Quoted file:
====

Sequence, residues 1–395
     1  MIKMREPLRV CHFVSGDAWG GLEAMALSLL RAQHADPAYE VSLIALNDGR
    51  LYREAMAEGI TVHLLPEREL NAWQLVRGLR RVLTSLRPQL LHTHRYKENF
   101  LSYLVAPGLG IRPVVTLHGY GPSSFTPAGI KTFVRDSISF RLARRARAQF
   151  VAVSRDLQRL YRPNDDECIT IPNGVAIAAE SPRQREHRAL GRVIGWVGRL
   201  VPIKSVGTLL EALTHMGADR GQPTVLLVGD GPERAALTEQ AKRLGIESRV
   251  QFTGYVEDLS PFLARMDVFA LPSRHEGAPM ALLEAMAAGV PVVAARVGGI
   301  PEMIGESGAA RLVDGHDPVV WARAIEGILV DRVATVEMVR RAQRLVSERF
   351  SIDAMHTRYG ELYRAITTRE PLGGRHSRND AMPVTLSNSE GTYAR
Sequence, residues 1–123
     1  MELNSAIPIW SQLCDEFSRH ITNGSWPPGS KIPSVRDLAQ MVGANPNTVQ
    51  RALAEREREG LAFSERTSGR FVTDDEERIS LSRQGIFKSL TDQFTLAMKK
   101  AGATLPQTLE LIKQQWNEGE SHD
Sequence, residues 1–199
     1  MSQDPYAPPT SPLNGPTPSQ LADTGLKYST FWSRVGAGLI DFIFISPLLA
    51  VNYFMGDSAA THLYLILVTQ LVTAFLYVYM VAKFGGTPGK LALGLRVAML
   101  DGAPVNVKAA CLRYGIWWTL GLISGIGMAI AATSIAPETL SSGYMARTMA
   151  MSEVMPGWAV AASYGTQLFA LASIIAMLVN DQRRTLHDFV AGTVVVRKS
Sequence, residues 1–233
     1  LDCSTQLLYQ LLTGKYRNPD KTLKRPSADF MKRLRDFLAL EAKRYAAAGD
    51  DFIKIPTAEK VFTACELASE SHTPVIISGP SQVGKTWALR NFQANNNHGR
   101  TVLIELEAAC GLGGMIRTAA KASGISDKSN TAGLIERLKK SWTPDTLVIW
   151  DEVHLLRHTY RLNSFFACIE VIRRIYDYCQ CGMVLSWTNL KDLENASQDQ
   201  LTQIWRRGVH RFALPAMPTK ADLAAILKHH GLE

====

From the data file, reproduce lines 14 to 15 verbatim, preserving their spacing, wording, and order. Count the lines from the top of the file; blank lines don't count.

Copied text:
Sequence, residues 1–199
     1  MSQDPYAPPT SPLNGPTPSQ LADTGLKYST FWSRVGAGLI DFIFISPLLA